In Texas, if you are not married when your child is born, there is no legal father.  The biological dad is not legally the father until a court adjudicates him to be so.  (Prior to a court finding that he is the legal father, the unmarried biological father is referred to as the “alleged father.”)  The bio dad can (and should) sign an Acknowledgment of Paternity form when the baby is born.  Many hospitals now have this form on site when a baby is born.

In order  for the biological father to obtain legal status as the father, someone must file a paternity suit.  Either parent can file a paternity suit, as can the Attorney General.  (Usually the Attorney General will file suit when Medicaid is involved because they want the government to be reimbursed for medical expenses.)  This is the case even if everyone admits he is the dad and there is no dispute.  This is also the case even if dad signed a valid Acknowledgment of Paternity.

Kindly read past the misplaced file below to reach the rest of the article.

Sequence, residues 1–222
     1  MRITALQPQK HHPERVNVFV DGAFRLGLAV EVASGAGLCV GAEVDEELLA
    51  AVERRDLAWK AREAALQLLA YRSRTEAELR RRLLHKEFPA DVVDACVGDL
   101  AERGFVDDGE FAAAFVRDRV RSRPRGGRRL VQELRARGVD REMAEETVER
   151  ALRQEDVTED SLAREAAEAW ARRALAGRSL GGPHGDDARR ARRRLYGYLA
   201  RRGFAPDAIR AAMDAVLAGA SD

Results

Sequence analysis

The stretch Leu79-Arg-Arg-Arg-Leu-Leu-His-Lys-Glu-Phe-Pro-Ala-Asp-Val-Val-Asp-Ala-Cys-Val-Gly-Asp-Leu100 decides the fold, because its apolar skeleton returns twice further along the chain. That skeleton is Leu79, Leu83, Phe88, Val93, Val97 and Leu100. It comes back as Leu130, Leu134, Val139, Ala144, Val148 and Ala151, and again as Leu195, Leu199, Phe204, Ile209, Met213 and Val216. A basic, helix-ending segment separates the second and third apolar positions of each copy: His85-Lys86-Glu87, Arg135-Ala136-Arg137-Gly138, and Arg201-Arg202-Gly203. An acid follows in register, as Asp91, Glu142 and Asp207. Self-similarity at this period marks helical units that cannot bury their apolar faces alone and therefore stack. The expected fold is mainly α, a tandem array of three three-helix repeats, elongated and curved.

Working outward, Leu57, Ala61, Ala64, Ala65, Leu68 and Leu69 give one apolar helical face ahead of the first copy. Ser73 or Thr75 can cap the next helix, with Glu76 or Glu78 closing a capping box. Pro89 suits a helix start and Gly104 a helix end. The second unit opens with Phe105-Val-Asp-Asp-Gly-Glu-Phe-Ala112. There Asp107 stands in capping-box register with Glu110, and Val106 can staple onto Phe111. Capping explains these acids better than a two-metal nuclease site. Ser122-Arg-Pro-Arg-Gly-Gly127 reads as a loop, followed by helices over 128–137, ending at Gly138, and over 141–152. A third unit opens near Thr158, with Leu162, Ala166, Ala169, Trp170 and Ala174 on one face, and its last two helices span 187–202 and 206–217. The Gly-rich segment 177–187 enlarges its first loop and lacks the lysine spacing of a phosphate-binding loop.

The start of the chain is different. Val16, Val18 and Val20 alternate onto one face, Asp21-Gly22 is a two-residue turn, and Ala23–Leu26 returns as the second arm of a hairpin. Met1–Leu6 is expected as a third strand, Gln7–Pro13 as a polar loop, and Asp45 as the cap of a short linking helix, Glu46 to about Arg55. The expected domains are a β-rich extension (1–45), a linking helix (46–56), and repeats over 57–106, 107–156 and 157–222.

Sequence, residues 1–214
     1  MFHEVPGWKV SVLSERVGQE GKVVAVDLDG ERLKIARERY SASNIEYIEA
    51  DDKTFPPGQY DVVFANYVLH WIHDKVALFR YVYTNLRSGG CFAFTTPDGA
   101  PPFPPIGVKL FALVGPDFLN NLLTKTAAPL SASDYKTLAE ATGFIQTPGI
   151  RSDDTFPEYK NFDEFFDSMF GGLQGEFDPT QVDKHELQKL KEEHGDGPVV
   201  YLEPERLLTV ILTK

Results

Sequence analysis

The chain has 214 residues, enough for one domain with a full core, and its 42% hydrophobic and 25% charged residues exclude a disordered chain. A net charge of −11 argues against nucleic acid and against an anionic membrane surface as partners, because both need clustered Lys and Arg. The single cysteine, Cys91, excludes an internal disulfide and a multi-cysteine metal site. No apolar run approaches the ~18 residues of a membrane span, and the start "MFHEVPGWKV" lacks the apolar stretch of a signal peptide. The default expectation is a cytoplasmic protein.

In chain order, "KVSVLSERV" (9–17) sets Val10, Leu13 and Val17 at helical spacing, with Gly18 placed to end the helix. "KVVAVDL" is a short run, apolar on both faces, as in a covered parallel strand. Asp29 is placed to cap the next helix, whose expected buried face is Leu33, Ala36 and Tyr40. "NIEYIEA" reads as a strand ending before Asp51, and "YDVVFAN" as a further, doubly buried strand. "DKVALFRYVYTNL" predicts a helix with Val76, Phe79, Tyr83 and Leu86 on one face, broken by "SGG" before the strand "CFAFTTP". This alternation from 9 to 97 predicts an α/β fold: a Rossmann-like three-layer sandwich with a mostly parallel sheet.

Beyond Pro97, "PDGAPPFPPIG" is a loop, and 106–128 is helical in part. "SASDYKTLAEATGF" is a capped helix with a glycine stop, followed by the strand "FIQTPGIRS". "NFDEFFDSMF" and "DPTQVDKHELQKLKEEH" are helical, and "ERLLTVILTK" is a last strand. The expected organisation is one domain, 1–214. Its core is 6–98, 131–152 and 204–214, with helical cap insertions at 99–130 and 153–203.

The paternity suit serves several purposes.  First, it allows the Court to formally adjudicate the biological dad as the legal father.  If everyone admits he is the father or if he signed an Acknowledgment of Paternity, then the Court will adjudicate him to be the father.  If either side contests paternity, the Court will order a paternity test.    Other issues typically involved in a paternity suit are conservatorship (rights and duties), possession and access (the schedule for when each parent has the child), and child support.

Paternity

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